A Model Experiment
Harnessing the potential of microphysiological systems to advance drug discovery
Audrey Dubourg | | Opinion
With just one in 10 preclinical candidates in phase I trials likely to gain market approval, the pharmaceutical industry must find ways to develop effective therapeutics faster and more cost-effectively. Pipelines include a mix of drug discovery, redevelopment, repurposing, combination therapeutics, and new modalities, such as gene therapies or regenerative medicines. When it comes to success, however, the translatability of preclinical data into clinical efficacy is only as good as the predictivity of the test models…
Drug discovery traditionally involves two-dimensional monolayer cell culture experiments followed by testing in animals to ensure results translate in vivo. Unfortunately, these models suffer from well-documented inefficiencies and inaccuracies, including oversimplification, insufficient representation of the underlying pathophysiology, and interspecies differences – all of which can lead to poor translatability into the clinic.
Microphysiological systems (MPS) are a relatively new approach that combines bioengineering and cell biology to provide more physiologically relevant data in early R&D stages. MPS build on the concepts of traditional two-dimensional assays, but improve physiological relevance by mimicking aspects of organ function. Systems such as 3D spheroids, organoids, organ-on-a-chip, multi-organs on chips, static micropatterned technologies, and physiome-on-a-chip models combine living cells and microfluidic technologies with drug delivery, stimulation, or sensing tools to gain a clearer picture of how such tools will function in a living organism. The technology’s broad applications extend into modelling healthy or diseased organs, studying multi-organ interactions, investigating ADME and toxicity, and screening, identifying, and ranking drug candidates. Single- and multi-organ MPS technologies are designed to mimic specific aspects of organ function or crosstalk; for instance, an MPS that incorporates liver tissue with another organ offers the opportunity to concurrently study efficacy and susceptibility to toxicity. For highly prevalent diseases with well-established impacts on public health, they can also enable investigations into host genetics, treatment responses, novel therapeutic targets, and additional biomarkers. Such investigations are increasingly important for conditions such as non-alcoholic steatohepatitis (NASH), for which there are currently no therapies on the market. Microtissue models of human NASH demonstrate key hallmarks of the disease, giving researchers the opportunity to mimic the stages of disease and elucidate its pathophysiological mechanisms on a cellular level.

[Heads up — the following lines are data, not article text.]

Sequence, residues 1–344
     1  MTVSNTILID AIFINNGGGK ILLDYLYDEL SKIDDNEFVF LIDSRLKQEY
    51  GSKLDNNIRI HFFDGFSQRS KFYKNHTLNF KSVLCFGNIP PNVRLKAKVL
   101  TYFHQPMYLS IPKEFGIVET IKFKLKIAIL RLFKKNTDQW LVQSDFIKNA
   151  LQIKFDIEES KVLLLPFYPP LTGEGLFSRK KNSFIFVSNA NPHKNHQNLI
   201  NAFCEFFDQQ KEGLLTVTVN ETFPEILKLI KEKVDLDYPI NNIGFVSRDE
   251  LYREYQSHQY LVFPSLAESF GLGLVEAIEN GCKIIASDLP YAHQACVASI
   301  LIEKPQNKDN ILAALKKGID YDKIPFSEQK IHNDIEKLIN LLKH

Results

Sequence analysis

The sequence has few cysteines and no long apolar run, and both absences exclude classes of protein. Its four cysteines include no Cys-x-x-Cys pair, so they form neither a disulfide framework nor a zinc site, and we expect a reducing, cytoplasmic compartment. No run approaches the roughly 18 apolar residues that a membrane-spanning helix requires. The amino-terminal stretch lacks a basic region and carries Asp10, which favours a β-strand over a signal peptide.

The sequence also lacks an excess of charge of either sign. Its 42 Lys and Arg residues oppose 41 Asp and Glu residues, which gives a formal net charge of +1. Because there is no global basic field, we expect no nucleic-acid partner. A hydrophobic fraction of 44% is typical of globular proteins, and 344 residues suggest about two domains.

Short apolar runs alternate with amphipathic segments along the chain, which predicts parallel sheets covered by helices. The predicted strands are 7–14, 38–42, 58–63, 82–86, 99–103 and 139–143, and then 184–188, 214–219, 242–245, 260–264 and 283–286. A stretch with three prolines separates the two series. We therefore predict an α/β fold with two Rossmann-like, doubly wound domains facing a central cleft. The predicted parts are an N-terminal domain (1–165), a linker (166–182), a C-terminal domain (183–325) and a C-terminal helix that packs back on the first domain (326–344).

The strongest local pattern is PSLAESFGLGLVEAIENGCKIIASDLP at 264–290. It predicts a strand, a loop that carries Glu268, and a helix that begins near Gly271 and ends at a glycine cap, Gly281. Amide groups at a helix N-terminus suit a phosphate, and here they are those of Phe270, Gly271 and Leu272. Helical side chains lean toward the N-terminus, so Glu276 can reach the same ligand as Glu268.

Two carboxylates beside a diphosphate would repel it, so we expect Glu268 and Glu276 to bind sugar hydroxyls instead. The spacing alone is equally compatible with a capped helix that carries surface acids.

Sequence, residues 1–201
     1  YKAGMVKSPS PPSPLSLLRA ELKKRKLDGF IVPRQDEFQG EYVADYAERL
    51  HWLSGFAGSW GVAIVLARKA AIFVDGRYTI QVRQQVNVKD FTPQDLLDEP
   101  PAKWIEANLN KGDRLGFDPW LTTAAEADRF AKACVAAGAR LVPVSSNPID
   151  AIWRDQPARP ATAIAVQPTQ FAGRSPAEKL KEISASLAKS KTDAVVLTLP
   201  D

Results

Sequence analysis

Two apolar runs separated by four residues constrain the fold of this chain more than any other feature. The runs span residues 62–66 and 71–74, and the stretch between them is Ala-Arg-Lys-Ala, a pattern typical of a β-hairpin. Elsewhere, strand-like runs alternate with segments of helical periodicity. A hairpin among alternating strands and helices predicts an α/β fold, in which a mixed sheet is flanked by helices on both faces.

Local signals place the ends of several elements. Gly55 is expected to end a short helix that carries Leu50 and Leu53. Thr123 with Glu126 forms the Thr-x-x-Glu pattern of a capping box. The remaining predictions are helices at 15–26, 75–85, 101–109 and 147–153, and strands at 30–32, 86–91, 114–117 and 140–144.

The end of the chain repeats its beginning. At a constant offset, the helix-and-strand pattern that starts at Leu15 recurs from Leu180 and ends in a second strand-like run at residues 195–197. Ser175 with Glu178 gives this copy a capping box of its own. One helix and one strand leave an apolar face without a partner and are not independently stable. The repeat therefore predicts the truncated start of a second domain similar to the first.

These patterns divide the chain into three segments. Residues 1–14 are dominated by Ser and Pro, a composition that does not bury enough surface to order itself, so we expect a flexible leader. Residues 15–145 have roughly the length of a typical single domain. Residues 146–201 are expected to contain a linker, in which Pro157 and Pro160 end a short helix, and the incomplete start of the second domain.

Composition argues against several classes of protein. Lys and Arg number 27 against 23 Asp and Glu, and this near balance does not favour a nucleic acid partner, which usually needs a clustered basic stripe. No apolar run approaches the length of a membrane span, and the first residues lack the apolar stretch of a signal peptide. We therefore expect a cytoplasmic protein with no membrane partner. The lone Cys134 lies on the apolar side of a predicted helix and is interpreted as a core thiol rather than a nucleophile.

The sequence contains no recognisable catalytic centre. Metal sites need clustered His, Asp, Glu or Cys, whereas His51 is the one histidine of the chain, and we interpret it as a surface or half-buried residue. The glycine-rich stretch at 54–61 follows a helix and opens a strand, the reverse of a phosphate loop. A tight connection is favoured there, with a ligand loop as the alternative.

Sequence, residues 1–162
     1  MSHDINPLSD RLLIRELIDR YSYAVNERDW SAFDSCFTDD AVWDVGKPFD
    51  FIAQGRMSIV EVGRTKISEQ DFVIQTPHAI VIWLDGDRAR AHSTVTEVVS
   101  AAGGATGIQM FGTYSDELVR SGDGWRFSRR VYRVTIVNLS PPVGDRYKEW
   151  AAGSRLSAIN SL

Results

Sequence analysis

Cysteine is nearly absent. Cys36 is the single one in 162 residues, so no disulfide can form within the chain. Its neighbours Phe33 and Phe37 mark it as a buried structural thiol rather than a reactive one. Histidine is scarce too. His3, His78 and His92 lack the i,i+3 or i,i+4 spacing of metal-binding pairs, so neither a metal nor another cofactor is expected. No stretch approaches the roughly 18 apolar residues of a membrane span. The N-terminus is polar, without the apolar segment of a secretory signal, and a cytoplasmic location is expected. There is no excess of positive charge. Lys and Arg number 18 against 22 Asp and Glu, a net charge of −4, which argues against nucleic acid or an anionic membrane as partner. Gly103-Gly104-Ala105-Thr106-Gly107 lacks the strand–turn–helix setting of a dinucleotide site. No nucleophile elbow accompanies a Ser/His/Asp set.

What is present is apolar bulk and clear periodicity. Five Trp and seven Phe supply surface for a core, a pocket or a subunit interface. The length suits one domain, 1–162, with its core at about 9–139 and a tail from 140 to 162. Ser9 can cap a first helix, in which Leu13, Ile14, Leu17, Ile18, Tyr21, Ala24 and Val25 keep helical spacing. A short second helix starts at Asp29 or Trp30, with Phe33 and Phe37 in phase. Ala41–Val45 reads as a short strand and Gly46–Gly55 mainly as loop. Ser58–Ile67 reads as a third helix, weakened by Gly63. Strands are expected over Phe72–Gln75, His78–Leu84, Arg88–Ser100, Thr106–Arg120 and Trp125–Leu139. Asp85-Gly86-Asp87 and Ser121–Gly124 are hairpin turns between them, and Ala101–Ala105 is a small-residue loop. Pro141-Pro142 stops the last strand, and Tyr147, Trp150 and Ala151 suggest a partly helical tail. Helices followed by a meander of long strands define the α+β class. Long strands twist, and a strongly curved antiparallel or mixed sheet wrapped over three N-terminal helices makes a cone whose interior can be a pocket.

By improving risk predictivity over standard research tools, or by providing a more comprehensive model that is not otherwise available, MPS could bridge the gap between traditional cell culture and human studies. But, to maximize their potential, insights gathered from these models should be considered alongside in vivo data – both to provide confidence in the data derived from MPS models and to offer insight into the mechanisms underlying differences and adverse events in animal models. Ultimately, single- and multi-organ MPS could yield efficiency gains, reduce costs, and potentially reduce animal usage.
As MPS technology continues to evolve, advances in the field are extending the lifespan of models, enabling a greater window for long-term experiments, compound dosing, and observations of disease progression – and edging us ever closer to a true simulation of human biological conditions.